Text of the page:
Strong-willed Kelsey Reed must escape tonight or tomorrow her government will take her kidney and give it to someone else.
In this future forged by survivors of pandemics that wiped out 80 percent of the world’s population, life is valued above all else. The mentally ill are sterilized, abortions are illegal and those who refuse to donate an organ when told are sentenced to death.
Determined not to give up her kidney or die, Kelsey enlists the help of her boyfriend Luke and a dodgy doctor to escape. The trio must disable the tracking chip in her arm for her to flee undetected. If they fail, Kelsey will be stripped of everything.
Excerpt from Life First by RJ Crayton
Dr. Grant treads carefully. “If she showed up, she wouldn’t be charged with fleeing. And then, maybe they could figure out a way she wouldn’t have to do it.” He looks at me tentatively. “Your father is an influential man, and I’ve heard a rumor that the Virginia governor got his cousin off a match list somehow.”
I hold my breath a moment, not sure if this is a real option. My father wants me to do this. If I thought he’d use his sway to get me out of surgery, I would have picked that route first. I shake my head. “My father’s not going to be able to help,” I tell him. “Do you think, if I turn myself in without him, it will still work?”
Dr. Grant purses his lips, and folds his arms across his chest. “Maybe they still might help you. The movement for choice has picked up steam. We could be at a tipping point. Maybe yours would be the case to tip the scales in favor of allowing people to refuse.”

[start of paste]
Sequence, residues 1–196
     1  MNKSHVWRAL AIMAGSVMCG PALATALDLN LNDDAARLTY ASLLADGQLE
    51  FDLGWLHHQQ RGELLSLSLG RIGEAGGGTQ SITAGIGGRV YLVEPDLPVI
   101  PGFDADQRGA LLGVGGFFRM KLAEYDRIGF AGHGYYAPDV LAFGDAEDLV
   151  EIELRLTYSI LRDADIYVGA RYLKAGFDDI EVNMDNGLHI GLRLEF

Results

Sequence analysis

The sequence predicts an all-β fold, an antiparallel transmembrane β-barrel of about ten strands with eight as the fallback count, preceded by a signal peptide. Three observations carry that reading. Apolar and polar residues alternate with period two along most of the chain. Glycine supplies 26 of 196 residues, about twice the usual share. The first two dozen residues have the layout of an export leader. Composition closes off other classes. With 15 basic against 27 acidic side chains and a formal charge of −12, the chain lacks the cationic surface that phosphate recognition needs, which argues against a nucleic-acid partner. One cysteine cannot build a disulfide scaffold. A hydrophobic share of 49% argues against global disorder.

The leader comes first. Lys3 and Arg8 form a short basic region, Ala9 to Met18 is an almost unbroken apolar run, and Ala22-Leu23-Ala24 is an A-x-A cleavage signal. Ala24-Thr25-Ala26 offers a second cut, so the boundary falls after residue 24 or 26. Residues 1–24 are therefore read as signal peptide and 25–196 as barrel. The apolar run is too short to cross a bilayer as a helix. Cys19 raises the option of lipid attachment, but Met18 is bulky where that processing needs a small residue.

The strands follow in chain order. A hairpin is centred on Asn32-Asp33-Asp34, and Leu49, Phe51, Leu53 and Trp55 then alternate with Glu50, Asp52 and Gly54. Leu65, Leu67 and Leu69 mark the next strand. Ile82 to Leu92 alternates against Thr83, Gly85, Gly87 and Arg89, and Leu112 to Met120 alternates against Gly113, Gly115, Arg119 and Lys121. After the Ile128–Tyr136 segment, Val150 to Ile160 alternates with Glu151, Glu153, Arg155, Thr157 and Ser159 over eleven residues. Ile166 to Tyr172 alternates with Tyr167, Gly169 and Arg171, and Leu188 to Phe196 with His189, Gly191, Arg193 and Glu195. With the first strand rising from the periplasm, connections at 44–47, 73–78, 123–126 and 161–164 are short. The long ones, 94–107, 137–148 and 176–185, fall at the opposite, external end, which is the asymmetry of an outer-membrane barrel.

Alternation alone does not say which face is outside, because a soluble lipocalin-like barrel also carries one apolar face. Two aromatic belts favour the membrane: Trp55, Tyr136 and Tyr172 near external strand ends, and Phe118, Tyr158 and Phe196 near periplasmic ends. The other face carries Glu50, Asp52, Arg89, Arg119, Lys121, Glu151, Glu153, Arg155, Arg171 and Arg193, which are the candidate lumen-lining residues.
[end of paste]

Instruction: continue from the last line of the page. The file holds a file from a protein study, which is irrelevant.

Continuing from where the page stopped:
It seems too easy. Are we at a tipping point? Part of me wants to believe that’s possible, that people are beginning to see things my way. Even if people are changing, there are still laws. Saying no and sticking around would put me afoul of those laws. “You think I’d have to go to a short-term holding facility while they decided?” I ask Dr. Grant.
“No,” Luke growls. Dr. Grant and I both turn to face him. “She’s not going into ANY holding facility!”
Luke is adamantly opposed to anything that would put me in or even near a holding facility. I know why, but I’m not sure I agree with him. His father worked in a holding facility his entire career. Luke hates them, believes they are the vilest places on Earth. He views them as if they are prisons. But, they’re not. They got rid of prisons after the pandemics. There were so few criminals, so few people that would do anything to upset the tender balance that tilted things towards life, that they weren’t really needed.
But, over the years, there have been enough bad apples, enough problem souls who committed crimes and owed society a debt. So, we have holding facilities. The smaller crimes require short-term holding facilities. There, people can get some rehabilitation therapy and serve their debt to society through donation of living goods — like blood or tissue or stem cells. The long-term holding facilities are places for the most depraved in society. They hold those sentenced to death. Not some purposeless killing, but death by giving life — a heart, lungs, liver, both kidneys, whatever a person who truly believes in Life First needs.
Holding facilities aren’t great places, but Luke’s experience is solely with long-term facilities. Surely, a short-term facility has to be better. I wonder if Dr. Grant is onto something. A short-term holding facility won’t be the end of the world, especially if it buys me more time.
“Maybe he’s right, Luke,” I say, a tinge of hope in my voice. “Maybe, if I go willingly, there might be an opportunity for me to escape.”
“No one’s ever escaped from a holding facility,” Luke spits. Then he pauses, reconsiders. “At least, not the way you mean.”